Monday, February 22, 2016

FEATURED AUTHOR: FRANKIE BOW




ABOUT THE BOOK

A graduate student from Hawaii visits the tiny bayou town of Sinful, Louisiana to investigate the effects of the oil spill on the local wildlife. Sinful resident Fortune Redding, who happens to be a CIA operative hiding out from a ruthless arms dealer, worries that the nosy newcomer might blow her cover. In fact, he does make a disturbing discovery – and unleashes forces that will go to any lengths to protect Sinful’s darkest secret.



INTERVIEW WITH FRANKIE BOW


Frankie, what do you think is hardest aspect of writing a book?

I think it’s the middle. Outlining the plot is fun; polishing the manuscript is rewarding; forcing myself to sit down and translate the plot outline and story beats into a manuscript, that’s the toughest part for me.

How often do you read?
I read a little every day, while I’m exercising on the elliptical machine. It’s really the only chance I get to read for pleasure.

Do you have any marketing tips you could pass on to indie authors?

If you can participate in Kindle Worlds, do it. I’d never written fan fiction, but then Amazon introduced Kindle Worlds, a forum for “legit” fanfic. Bestselling authors granted permission for fans to write in their worlds, the resulting works were put up for sale, and the fanfic writers split the royalties with the original authors. Now, I’d already read and loved a lot of Jana DeLeon’s work, so when I saw that her Miss Fortune world was open on Kindle Worlds, I just had to try it. I was comfortable writing in the Miss Fortune world because I was already a fan of the books and had read the whole series, and I really had fun with it! Sinful Science has done very well on Kindle Worlds, and I’m seeing some sell-through to my other books. If you can find a Kindle World similar to your own writing, it’s a great way to connect with new readers.

How often do you tweet?
I’m a haphazard Tweeter. I’ll always retweet NASA’s Picture of the Day, just because it’s cool, but that’s the only think I do consistently. My “method” is that every so often I open up Twitter and then retweet things I think are funny or important.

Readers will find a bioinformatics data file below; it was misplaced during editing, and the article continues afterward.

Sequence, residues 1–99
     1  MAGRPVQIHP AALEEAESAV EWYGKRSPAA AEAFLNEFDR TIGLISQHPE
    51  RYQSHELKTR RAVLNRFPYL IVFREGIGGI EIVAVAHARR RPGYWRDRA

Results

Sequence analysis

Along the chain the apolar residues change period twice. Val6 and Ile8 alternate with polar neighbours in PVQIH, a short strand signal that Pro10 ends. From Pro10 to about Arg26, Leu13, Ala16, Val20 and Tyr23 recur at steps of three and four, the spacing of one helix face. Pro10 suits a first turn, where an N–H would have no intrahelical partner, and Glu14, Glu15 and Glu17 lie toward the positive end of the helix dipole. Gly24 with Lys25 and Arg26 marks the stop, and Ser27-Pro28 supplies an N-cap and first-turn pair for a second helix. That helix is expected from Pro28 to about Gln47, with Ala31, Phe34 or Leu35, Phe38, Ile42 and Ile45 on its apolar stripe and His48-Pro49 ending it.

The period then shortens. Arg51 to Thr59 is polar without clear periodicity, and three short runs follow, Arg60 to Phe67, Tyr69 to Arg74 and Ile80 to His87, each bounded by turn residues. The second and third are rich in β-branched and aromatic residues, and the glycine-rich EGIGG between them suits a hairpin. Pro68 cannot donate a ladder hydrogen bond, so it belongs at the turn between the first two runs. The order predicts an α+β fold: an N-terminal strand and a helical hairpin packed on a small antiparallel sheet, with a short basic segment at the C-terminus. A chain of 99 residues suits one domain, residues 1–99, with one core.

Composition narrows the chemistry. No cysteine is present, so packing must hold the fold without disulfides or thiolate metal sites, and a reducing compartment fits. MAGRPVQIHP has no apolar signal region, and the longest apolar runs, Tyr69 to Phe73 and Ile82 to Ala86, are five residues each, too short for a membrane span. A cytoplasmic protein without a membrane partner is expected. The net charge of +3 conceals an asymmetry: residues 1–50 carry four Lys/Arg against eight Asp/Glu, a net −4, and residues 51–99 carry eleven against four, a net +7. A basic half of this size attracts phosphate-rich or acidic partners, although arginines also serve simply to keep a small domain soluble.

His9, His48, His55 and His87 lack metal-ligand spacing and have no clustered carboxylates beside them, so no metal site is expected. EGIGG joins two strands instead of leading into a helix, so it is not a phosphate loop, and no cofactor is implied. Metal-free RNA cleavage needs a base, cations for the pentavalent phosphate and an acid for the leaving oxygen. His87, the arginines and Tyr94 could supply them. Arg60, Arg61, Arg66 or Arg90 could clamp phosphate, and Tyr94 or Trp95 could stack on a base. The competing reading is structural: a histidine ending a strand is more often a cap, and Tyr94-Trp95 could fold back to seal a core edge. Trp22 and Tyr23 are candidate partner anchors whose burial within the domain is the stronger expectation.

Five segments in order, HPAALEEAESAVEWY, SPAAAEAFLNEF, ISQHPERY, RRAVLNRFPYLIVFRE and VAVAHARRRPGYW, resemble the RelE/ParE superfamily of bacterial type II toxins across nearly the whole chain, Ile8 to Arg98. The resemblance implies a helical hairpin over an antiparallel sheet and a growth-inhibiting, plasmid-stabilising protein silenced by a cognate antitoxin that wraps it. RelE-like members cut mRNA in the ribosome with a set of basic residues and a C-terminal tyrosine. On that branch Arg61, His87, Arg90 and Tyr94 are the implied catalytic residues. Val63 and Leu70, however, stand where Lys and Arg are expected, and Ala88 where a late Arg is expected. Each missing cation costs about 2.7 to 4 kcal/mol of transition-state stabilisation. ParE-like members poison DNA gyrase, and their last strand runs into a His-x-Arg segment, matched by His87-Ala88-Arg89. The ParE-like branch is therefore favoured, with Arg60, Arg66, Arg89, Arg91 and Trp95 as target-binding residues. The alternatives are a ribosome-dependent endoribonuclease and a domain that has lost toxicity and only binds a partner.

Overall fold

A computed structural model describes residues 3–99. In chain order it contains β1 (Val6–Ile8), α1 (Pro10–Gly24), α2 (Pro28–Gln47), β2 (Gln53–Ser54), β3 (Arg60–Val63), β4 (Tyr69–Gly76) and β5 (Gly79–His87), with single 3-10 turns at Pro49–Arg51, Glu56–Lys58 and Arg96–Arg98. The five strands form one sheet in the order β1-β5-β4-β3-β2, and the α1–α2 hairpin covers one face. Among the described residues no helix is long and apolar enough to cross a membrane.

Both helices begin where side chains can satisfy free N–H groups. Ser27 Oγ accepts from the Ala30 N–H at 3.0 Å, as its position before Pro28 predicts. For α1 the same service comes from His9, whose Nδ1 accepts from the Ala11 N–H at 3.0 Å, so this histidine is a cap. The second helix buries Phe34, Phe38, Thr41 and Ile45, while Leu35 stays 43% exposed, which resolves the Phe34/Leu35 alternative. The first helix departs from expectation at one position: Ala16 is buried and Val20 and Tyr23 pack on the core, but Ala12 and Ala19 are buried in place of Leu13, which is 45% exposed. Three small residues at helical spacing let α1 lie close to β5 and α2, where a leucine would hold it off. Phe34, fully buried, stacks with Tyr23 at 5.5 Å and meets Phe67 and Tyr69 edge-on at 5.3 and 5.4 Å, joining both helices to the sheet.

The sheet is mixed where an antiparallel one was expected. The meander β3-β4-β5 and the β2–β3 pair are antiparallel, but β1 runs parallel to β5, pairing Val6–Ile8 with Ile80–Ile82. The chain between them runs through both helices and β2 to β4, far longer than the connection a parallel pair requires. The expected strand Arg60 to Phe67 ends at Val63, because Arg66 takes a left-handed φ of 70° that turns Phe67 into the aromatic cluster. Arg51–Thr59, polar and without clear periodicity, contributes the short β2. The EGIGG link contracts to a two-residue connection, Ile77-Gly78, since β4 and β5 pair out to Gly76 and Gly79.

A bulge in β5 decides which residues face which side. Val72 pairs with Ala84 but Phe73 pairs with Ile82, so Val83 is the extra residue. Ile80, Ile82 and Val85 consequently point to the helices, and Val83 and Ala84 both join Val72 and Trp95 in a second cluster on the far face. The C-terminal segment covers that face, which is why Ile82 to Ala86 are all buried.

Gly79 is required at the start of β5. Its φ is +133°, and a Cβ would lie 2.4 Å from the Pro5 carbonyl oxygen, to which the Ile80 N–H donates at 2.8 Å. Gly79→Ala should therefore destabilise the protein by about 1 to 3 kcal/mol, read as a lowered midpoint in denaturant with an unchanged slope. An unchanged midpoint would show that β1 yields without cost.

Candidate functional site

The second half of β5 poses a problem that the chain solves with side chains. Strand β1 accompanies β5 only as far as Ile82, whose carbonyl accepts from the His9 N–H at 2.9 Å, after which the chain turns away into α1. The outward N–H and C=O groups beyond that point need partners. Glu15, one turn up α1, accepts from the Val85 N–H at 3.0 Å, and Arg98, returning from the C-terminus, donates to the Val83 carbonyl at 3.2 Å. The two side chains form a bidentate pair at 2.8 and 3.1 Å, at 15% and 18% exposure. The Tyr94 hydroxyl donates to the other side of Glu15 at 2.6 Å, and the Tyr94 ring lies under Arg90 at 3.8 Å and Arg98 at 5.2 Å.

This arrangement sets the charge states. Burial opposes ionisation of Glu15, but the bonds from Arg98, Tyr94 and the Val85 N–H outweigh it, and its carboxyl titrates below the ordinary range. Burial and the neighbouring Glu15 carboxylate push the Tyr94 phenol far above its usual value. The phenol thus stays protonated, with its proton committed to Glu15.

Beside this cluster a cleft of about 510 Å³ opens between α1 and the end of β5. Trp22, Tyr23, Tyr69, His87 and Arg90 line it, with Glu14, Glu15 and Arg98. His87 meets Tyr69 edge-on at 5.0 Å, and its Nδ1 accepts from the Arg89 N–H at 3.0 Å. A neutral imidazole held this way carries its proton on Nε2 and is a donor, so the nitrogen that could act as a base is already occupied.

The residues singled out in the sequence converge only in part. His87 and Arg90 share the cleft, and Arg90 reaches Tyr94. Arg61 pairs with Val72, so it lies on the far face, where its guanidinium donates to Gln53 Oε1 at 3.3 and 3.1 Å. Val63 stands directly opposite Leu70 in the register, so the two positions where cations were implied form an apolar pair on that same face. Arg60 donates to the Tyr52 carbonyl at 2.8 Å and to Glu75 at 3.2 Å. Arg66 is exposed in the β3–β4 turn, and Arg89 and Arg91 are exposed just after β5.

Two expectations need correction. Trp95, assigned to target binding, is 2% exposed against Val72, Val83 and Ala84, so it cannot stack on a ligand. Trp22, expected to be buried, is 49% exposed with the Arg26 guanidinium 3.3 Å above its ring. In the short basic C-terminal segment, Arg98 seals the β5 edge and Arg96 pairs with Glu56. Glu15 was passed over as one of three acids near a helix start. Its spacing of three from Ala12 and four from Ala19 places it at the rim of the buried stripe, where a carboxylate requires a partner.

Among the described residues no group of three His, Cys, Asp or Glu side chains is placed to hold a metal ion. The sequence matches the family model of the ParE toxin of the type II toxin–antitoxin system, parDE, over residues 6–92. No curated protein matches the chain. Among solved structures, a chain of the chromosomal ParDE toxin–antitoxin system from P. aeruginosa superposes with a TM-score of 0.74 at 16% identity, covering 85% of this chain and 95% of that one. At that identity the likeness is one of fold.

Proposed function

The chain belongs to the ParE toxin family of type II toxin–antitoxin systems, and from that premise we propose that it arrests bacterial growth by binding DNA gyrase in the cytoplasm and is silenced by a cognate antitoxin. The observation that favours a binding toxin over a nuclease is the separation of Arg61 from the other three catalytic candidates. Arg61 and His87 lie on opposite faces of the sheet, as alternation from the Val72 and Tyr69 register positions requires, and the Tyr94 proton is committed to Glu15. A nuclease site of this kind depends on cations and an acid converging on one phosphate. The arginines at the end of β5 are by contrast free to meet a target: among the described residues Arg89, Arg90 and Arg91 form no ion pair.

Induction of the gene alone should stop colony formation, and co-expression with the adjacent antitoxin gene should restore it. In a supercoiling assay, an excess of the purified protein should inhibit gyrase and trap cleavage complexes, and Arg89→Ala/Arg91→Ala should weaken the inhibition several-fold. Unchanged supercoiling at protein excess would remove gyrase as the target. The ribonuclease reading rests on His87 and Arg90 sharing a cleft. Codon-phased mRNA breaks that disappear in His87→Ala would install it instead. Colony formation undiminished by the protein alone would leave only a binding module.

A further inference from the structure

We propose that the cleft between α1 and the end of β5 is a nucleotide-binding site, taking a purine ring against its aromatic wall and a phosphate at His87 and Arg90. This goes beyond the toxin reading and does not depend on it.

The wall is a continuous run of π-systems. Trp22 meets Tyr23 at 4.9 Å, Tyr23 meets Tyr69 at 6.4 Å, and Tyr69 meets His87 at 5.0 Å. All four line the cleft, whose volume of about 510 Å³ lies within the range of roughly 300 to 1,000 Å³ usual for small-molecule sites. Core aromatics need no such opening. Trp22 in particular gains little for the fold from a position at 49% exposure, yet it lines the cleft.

Would you make a good character in a book? 
Maybe I could be the “straight man” foil to the wacky main character, but I’m too boring and sensible to carry a story by myself.

What do you love about where you live?
Well I live in Hawaii, so there’s a lot to love. Of course there’s the weather and the beautiful scenery. But one thing that’s great about here, especially when you have kids, is how indifferent most people are to brand names and status symbols. There’s no pressure on kids to wear a certain brand of shoes, and no one cares what kind of car you drive. When people have money they spend it on experiences like travel.

What’s your favorite thing to do on date night?
A casual Pau Hana, or happy hour. Invite a few friends over for potluck, have someone bring a guitar, and spend the evening eating, drinking, listening to live music, and unwinding.

What do you wish you could do?
Star Trek-style teleportation. Hawaii is the most isolated inhabited land mass in the world; it’s a five-hour flight to the West Coast. As safety regulations have become stricter, and the number of flights has declined, flying has become less and less enjoyable. And there’s really no alternative.

Do you give your characters any of your bad traits?
Like me, my protagonist Molly Barda has a touch of social anxiety, so she shows up late to Mass on purpose to miss the Passing of the Peace.

What would you name your autobiography?
“Let me get back to you.” Seriously, procrastination is a struggle for me.


Scroll down for the Rafflecopter. One lucky winner will get paper copies of The Case of the Defunct Adjunct and The Musubi Murder.



ABOUT THE AUTHOR:

 
Like the characters in her campus murder mysteries, Frankie Bow teaches at a public university. Unlike her protagonist, she is blessed with delightful students, sane colleagues, and a perfectly nice office chair. She believes if life isn't fair, at least it can be entertaining. In addition to writing murder mysteries, she publishes in scholarly journals under her real name. Her experience with academic publishing has taught her to take nothing personally.

Connect with Frankie:

Website and blog  |  
Facebook  |   
Twitter  |   Goodreads



 
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